29 Oct 2007, Comments Off on Emma Larkin: Finding George Orwell in Burma

Emma Larkin: Finding George Orwell in Burma

Author: Helen

Emma Larkin is an American journalist and writer who has visited Burma several times since the 1990s. Finding George Orwell in Burma (first published in 2004) is a travelogue of Larkin’s visit there to follow in the footsteps of Orwell, visit the places where he lived and worked, and even find traces of his extended family.

Burma, of course, has been in the news again- I think you know what I’m talking about, and like many other people I felt ignorant of that insular and secretive country. I picked up this book to educate myself a little, and it was a wonderful introduction to Burma – the sights, the smells, the tea shops, the eccentric anglo-Burmese community, the buildings, the resilient and long-suffering people. And of course, the continual presence of the repressive government. Think Stasiland, perhaps a bit slighter and more easily digested.

What has Burma got to do with George Orwell? You might ask, as I did. Quite a lot, as it happens.

From the Prologue:

Orwell had lived in Burma in the 1920s as an officer of the Imperial Police Force. For five years he dressed in khaki jodhpurs and shining black boots. Armed with guns and a sense of moral superiority, the Imperial Police Force patrolled the countryside and kept this far-flung corner of the British Empire in line. Then, suddenly and without warning, he returned to England and handed in his notice. Just as abruptly, he began his career as a writer. Exchanging his real name, ‘Eric Arthur Blair’, for the pen name ‘George Orwell’… Orwell based his first novel, Burmese Days, on his experiences in the Far East, but it was his later novels such as Animal Farm and Nineteen Eighty-Four that would turn him into one of the most respected and visionary writers of the twentieth century.
It is a particularly uncanny twist of fate that these three novels effectively tell the story of Burma’s recent history. The link begins with Burmese Days, which chronicles the country’s period under British colonialism. Not long after Burma became independent from Britain in 1948, a military dictator sealed off the country from the outside world, launched ‘The Burmese way to Socialism’, and turned Burma into one of the poorest countries in Asia. The same story is told in Orwell’s Animal Farm, an allegorical tale about a socialist revolution gone wrong in which a group of pigs overthrow the human farmers and run the farm into ruin. Finally, in Nineteen Eighty-Four Orwell’s description of a horrifying and soulless dystopia paints a chillingly accurate picture of Burma today, a country ruled by one of the world’s most brutal and tenacious dictatorships.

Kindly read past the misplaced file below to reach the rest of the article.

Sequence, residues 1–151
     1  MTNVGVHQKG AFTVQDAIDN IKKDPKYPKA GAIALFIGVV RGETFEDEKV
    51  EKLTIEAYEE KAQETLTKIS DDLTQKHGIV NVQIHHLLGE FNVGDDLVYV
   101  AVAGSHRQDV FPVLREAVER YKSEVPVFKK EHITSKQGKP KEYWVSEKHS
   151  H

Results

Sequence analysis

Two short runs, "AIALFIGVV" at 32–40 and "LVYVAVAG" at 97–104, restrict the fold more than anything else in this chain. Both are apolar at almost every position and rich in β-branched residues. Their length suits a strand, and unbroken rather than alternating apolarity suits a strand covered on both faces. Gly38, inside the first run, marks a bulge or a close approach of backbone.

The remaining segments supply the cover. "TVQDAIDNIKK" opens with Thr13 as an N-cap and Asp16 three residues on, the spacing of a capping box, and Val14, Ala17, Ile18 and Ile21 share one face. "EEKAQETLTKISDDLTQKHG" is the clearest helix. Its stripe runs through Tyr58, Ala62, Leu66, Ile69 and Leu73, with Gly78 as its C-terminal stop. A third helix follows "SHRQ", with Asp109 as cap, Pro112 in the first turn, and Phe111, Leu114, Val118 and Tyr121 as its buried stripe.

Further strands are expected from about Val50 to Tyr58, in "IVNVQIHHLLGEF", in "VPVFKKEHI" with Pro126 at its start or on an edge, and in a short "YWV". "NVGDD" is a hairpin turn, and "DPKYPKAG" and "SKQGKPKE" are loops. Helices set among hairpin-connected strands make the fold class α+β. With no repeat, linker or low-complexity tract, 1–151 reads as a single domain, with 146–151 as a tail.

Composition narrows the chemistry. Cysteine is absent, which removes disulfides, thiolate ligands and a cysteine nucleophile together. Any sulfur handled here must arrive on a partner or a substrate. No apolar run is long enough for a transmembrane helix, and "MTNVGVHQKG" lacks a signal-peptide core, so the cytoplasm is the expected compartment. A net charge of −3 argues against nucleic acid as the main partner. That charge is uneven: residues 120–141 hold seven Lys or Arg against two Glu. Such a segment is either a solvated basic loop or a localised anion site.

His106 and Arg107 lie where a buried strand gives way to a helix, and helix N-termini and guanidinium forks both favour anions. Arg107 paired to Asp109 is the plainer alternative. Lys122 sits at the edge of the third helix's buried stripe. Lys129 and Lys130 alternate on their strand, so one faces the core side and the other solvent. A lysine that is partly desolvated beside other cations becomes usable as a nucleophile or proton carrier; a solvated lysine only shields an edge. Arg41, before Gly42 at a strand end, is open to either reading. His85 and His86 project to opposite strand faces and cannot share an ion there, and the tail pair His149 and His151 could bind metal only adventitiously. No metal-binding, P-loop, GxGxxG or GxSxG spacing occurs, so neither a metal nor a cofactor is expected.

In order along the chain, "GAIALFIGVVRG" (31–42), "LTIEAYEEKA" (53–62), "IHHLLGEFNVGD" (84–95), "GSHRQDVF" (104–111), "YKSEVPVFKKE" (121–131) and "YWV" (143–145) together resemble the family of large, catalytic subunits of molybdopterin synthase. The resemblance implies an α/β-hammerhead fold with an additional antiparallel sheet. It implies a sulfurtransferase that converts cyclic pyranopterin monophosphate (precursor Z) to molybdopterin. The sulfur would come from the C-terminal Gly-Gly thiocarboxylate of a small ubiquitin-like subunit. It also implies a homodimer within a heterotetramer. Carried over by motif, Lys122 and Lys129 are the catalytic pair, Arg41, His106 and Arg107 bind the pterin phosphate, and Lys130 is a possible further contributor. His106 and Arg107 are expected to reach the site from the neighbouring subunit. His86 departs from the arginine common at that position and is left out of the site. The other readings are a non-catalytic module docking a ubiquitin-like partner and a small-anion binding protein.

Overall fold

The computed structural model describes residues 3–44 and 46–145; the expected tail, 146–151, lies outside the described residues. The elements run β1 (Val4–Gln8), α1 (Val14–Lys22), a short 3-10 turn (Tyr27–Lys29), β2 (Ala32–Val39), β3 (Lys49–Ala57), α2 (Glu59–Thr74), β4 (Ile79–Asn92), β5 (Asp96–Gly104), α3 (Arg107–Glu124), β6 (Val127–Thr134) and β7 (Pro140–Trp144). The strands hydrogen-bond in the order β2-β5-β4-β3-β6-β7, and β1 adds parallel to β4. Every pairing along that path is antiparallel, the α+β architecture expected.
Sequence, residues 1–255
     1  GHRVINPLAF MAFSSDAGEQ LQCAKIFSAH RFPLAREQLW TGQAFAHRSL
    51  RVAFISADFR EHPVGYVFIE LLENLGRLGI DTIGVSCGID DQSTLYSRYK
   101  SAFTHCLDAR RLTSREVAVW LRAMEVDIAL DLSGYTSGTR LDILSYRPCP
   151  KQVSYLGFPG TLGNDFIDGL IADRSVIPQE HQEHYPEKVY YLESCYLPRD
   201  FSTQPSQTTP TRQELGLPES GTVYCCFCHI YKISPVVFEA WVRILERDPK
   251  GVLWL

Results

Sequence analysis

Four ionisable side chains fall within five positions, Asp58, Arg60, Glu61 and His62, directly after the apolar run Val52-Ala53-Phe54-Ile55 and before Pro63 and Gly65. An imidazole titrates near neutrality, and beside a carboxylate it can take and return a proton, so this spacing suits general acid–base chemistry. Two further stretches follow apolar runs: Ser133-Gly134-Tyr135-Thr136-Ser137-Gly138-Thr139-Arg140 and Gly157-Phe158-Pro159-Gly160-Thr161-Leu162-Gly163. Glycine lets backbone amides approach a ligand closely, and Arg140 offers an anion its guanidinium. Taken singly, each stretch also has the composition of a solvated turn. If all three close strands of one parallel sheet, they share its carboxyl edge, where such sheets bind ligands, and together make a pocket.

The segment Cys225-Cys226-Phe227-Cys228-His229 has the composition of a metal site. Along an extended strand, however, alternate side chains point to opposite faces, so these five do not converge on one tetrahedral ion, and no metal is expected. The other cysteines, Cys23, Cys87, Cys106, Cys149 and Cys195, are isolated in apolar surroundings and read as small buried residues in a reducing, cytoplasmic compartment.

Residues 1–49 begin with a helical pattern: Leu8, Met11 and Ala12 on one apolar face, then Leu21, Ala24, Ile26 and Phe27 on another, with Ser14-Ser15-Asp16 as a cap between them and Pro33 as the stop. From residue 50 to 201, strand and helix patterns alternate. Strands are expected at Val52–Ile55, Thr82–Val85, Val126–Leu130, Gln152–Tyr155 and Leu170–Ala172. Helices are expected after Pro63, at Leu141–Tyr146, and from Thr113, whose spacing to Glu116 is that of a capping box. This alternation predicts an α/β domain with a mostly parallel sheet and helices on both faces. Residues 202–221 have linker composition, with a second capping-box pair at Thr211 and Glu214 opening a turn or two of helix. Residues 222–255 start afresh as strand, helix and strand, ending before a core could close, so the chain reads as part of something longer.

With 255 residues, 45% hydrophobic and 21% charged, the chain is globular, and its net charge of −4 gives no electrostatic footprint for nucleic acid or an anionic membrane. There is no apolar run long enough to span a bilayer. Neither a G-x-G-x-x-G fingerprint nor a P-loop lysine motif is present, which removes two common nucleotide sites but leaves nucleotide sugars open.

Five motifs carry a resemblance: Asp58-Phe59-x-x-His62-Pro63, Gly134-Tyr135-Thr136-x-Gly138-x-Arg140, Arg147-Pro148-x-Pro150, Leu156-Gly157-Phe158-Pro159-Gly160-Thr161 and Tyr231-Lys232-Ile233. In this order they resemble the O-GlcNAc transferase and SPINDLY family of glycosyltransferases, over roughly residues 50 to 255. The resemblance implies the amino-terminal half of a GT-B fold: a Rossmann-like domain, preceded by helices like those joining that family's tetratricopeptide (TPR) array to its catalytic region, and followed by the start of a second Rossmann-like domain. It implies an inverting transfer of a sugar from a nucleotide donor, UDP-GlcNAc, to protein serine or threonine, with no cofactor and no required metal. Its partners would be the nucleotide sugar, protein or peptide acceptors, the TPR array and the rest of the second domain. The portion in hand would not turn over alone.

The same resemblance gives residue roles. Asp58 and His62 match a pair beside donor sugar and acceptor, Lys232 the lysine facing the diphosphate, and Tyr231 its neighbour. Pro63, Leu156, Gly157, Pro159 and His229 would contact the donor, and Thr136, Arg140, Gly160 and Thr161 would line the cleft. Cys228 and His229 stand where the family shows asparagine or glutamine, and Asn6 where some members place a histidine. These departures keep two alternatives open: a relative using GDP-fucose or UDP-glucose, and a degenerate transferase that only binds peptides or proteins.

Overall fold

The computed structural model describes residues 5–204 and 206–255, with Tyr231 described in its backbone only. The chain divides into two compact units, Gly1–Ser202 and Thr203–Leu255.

In Burma there is a joke that Orwell wrote not just one novel about the country, but three…

From chapter two:

I met one university lecturer who told me she had tried to put Animal Farm on the syllabus for English Literature students, but the authorities had warned her off: the text was just too similar to what was going on in Burma. A few years ago Animal Farm was serialized on the BBC’s Burmese radio service. For weeks afterwards, Tun Lin told me, Mandalay tea shops were abuzz with attempts to match the animal characters to Burma’s own leaders. Could you compare ‘the Lady’, as democracy leader Aung San Suu Kyi is known, to the exiled porcine revolutionary Snowball? And which pig was General Ne Win? Was he Major, the imperious old pig with a vision who died so suddenly? (Hopefully.) Or was he Napoleon, the grotesque ruler who grew stronger and more deranged each day? (Probably.)

I’m sceptical of her thesis that Orwell’s novels sprang from his Burmese experience, perhaps because I’m blinkered by my own school studies of the novels which were firmly based on the assumption that they’re parables of the Russian and Eastern European experience. After all, Ne Win came to power long after 1945-49, when Animal Farm and 1984 were published. It’s a seductive theory though, and it’s served up with many fascinating conversations, places and people in the cities and countryside of Burma— Larkin always walking a tightrope trying to collect material for her book while not bringing trouble or punishment to the people who are her sources.

I recommend this book highly to people who, like me, might want an introduction to life in that mysterious country.
 
 
 
Crossposted at Road to Surfdom

Comments (0)

  • Helen, you gotta read Burmese Days. It’s worth it!

  • phil says:

    Agree with Mark on Burmese Days. I lived there for three years – a more fascinating country you will not find. “Long-suffering” doesn’t begin to describe life for your average Burmese, let alone those unfortunately enough not to be full-blood (such as Anglo-Indians).

    The state-initiated and sponsored violence apart, the whole place is surreal.

  • Helen says:

    Three years Phil! That’s amazing. Yes surreal – that’s the impression I get from this book. Yes, I’ll hunt down Burmese Days.

  • It looks like the author has published the name of her source – “Tun Lin” – if that person is the source of the aspersion casting comments on Burma, they could be victimised for it. Breathtaking thoughtlessness of the kind that Dimitri Shostakovich lamented about Western goodie goodies dropping in and creating mayhem for those they claimed to support – but perhaps I’m wrong and “Tun Lin” is someone else.

  • Helen says:

    I assume it’s a pseudonym, Nick, as she refers to the need for secrecy constantly throughout the book. But I did think that some of the people described, although not named, could easily be identified by their occupation, location and other attributes.

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